After years of skins, themes and tweaks, Facebook brought some uniformity to Android last week with its Home interface. It may have been launched alongside a companion handset, but it doesn't really matter if it's running on an HTC First, Samsung Galaxy or — shudder — an iPhone; Facebook Home is selling one of the most important things in the mobile industry: a complete experience.
Apple understands this better than any other smartphone vendor (though Google has definitely got the message). Since the early days of iPhone, the experience has less to do with a gorgeous piece of hardware and more to do with the speed and simplicity of iOS. And that starts with the lock screen.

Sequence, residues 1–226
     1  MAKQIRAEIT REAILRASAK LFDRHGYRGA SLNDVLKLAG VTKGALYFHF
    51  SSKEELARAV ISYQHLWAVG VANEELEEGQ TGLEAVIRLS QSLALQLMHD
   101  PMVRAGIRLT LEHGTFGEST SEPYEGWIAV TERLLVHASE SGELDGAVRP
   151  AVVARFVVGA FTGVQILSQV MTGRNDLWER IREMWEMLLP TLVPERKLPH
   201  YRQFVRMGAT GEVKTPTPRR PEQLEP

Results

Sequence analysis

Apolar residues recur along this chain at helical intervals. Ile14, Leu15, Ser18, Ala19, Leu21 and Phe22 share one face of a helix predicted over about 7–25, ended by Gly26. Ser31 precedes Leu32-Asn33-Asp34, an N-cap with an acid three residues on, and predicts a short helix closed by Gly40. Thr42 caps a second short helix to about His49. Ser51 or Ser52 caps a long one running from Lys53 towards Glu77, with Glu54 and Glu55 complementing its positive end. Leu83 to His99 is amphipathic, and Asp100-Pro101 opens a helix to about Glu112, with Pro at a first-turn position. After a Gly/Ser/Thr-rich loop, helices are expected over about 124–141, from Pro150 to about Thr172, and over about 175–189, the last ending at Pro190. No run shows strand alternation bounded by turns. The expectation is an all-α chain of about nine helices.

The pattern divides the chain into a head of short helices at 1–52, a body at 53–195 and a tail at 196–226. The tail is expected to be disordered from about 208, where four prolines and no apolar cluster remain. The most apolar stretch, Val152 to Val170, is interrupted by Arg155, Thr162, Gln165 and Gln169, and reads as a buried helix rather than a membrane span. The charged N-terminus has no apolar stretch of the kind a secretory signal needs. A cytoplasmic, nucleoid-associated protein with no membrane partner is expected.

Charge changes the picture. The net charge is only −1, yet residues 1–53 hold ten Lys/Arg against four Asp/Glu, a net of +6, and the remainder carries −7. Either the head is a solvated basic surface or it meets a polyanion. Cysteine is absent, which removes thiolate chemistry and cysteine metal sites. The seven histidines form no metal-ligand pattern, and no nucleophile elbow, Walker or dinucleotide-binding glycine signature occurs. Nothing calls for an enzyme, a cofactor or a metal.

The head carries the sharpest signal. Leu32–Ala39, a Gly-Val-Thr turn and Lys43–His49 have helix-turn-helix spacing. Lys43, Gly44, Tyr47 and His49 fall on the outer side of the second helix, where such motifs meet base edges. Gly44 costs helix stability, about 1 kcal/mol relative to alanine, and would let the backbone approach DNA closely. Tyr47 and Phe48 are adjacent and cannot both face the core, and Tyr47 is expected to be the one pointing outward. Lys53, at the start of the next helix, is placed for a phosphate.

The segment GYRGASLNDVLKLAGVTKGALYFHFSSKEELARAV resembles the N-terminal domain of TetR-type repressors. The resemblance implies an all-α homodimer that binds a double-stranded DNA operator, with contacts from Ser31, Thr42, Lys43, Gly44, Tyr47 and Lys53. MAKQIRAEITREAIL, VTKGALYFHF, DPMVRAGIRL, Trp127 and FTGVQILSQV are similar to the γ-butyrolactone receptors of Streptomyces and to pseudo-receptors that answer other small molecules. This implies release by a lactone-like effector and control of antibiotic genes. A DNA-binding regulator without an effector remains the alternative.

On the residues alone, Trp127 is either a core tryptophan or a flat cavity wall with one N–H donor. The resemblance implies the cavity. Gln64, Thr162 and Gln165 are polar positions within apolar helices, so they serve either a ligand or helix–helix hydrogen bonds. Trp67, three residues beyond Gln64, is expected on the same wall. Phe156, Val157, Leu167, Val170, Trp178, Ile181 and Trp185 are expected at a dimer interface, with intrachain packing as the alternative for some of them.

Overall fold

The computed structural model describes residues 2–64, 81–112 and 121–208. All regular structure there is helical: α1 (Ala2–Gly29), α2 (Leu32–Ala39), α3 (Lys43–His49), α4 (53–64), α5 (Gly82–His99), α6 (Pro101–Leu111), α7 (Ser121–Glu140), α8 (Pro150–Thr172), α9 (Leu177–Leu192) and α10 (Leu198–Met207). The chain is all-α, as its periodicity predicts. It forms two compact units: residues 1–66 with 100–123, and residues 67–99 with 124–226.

Apple may sell wonderful products, but they're not entirely infallible -- with the right combination of button presses on an iPhone lock screen, anyone can access the device, as long as it's running iOS 6.1.
You won’t find a ton of new features waiting for you, but iOS devices have a new software update waiting for them on this sleepy mid-Monday that brings the version number up to 5.1.1 and squashes a few minor bugs.
Now that Apple’s 2012 Worldwide Developer Conference has been announced and the tickets have sold out, it’s time to kick back and prognosticate on what the company will be presenting to developers -- specifically, the next version of iOS.